You can say many things with words and that’s the normal way we communicate through writing or spoken word. There are some things that are harder to communicate through words and we find ourselves at a loss for words.
I think that’s where music is most powerful: when people get married, when we celebrate when someone dies and we want to honor that person, when we are trying to invoke the Divine in the world with the Spiritual, when we try to calm ourselves when we are at risk, and when we are mating. Music is the best accompaniment for these activities that stretch beyond rational thought or our normal way that we communicate through language.
We have learned through brain scans that music more than any other thought process illuminates more parts of the brain than any other activity. I think when we are trying to communicate something as complex and nuanced that has rational and an emotional aspirational dimension, music is the way you harness the power of the brain in all capacities at once.
What makes Berklee unique?
I think our history as being a school that began teaching Jazz means that we are more of an improvisational institution. We are concerned less about technique and the recapitulation of music of the past and more about empowering people to create the music of the future. We value creativity and the new. We value synthesizing musical traditions and coming up with fusions that have not been heard before much the way Jazz does; the way Dizzy Gillespie went to Cuba and suddenly Jazz took this amazing turn. I see Berklee as a place that’s constantly on the lookout for new musical ideas and new musical inspiration that attempts to empower our students to be the creators of music and not interpreters of music.
What’s your proudest accomplishment while being President of The Berklee College of Music?
I’m very proud of our Berklee Online School that has over 10,000 students. Higher education as we all know is very expensive. A lot of the most talented musicians don’t have the means to come to a four year American College. The online school lets you study from anywhere and you can live around the world living in a less expensive place while working. You can get an online undergraduate degree as well as a graduate degree at much less of a cost. You are not living in Boston and the tuition is lower. I am very proud of our program and I think it’s very distinctive. We are the only music school that has a program of this type of any scale.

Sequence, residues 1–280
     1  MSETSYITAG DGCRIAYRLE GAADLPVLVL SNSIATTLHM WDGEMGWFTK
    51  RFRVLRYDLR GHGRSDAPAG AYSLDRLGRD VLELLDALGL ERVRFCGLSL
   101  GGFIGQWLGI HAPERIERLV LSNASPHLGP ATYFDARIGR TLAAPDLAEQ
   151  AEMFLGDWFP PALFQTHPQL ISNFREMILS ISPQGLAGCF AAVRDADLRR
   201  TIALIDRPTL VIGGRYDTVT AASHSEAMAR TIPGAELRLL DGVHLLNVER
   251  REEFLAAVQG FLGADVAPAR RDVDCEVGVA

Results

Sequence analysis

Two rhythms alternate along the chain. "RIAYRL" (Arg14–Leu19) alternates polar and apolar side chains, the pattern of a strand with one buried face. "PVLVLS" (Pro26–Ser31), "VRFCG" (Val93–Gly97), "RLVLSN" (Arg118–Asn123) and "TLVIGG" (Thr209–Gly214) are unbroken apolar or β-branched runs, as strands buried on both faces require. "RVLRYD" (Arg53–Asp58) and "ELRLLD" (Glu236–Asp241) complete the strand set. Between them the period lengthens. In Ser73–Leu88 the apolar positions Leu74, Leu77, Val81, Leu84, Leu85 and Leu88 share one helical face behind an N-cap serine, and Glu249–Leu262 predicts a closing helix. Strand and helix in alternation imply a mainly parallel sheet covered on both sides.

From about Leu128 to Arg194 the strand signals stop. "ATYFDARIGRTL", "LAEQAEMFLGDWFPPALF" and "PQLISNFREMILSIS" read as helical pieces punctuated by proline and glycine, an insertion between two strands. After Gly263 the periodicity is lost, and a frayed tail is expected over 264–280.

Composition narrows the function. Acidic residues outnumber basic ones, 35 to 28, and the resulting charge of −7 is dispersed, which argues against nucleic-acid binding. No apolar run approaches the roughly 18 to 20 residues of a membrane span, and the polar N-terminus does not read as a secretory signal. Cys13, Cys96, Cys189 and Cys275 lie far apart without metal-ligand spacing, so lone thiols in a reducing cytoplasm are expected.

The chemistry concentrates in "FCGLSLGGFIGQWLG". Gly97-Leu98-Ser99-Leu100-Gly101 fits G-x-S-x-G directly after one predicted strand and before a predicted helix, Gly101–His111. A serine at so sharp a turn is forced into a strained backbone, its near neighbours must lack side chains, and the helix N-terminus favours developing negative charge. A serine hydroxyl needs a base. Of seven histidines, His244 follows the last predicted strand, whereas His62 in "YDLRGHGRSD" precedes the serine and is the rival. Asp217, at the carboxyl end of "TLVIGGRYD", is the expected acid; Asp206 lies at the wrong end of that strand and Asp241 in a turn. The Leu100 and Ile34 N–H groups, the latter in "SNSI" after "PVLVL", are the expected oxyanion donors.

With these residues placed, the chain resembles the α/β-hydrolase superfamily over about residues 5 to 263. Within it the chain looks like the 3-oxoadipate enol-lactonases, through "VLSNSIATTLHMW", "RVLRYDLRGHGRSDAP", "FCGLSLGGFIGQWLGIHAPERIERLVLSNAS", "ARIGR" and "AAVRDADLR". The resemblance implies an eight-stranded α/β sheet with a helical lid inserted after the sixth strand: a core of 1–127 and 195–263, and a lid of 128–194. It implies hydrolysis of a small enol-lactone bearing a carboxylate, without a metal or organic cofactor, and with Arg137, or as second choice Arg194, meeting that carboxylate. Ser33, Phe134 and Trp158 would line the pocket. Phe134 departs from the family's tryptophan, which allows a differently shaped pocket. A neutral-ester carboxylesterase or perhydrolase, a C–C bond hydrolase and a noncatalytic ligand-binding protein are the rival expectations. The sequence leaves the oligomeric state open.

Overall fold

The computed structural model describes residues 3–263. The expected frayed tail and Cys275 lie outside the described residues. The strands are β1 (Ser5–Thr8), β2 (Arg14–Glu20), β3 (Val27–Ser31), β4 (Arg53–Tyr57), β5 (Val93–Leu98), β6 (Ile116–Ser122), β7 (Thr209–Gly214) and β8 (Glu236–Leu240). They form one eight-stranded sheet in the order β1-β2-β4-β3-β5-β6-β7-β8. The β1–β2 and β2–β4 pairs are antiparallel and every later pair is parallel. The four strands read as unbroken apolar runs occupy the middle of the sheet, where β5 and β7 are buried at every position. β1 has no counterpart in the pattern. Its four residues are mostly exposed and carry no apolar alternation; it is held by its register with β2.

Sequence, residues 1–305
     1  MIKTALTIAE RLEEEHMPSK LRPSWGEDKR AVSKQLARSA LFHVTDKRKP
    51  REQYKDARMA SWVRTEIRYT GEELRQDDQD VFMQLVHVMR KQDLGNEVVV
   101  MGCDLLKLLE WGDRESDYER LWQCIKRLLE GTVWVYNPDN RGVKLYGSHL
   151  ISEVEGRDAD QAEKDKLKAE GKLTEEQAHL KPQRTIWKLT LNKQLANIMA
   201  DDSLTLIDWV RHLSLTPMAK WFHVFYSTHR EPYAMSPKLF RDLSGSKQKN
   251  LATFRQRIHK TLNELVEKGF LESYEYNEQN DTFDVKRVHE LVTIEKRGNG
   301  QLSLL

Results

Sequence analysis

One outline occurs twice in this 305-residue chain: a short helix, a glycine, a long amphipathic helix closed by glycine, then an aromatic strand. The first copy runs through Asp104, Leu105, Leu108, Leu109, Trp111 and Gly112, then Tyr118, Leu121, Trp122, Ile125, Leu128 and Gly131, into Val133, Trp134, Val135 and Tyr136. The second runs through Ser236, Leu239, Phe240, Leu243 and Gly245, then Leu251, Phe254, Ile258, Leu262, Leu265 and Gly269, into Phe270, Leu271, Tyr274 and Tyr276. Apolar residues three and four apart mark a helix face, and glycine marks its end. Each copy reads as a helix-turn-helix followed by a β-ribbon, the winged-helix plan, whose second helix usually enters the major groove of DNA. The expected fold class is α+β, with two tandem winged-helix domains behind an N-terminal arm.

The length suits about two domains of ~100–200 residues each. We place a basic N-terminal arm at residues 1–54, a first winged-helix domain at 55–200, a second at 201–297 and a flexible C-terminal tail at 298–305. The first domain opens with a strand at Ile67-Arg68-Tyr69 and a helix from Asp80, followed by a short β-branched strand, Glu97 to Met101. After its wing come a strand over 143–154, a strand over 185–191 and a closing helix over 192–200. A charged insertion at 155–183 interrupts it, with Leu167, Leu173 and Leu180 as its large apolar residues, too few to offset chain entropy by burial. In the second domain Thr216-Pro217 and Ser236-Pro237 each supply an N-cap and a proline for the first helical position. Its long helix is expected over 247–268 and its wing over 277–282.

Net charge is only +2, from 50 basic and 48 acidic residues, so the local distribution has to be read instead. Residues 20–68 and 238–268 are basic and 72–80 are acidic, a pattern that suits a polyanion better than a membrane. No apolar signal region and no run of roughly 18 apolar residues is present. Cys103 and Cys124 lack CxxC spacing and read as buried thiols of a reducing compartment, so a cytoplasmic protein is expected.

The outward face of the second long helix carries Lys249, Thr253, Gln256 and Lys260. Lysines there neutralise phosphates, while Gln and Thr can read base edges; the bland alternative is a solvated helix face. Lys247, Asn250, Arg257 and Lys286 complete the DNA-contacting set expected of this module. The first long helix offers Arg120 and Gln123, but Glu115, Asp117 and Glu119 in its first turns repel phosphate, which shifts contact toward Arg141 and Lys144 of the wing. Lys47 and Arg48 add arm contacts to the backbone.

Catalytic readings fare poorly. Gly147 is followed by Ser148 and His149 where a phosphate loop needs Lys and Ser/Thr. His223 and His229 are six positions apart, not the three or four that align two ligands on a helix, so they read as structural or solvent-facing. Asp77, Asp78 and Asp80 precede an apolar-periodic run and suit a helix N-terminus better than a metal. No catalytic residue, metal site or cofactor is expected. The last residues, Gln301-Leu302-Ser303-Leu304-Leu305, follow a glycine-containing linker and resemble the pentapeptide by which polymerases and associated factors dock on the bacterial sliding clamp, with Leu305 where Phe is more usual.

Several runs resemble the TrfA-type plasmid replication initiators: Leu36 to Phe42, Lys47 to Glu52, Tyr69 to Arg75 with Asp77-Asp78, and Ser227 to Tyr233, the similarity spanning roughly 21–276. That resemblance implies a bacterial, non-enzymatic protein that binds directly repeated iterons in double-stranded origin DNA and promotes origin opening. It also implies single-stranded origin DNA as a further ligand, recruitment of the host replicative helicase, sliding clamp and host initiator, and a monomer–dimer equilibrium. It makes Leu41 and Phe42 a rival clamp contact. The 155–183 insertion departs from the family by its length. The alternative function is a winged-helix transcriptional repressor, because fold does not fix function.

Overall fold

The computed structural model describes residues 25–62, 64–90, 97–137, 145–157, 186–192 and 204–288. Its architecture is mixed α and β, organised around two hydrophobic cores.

I am very proud that we’ve made the college more affordable to students who come here. The amount of financial aid we offer is up five hundred percent since I’ve been here. What we are trying to do is say look if you’ve got talent, we want to make it possible for you to be here even if you come from a family with no means. This is something I am pleased with.
The final thing that has been a tradition of the school since the beginning is we have always been focused on trying to help musicians sustain a living through music. Unlike any other conservatory, we are really good at helping people navigate the existing music industry even as complicated and unreliable as it can be sometimes. We are training people to be video game composers and we have a whole bunch out there doing that. That might not have been what they dreamed of when they were 14 years old, but they are able to sustain an income and a living doing music that they love.
What criteria do you use to select individuals for the Honorary Doctorate Degree?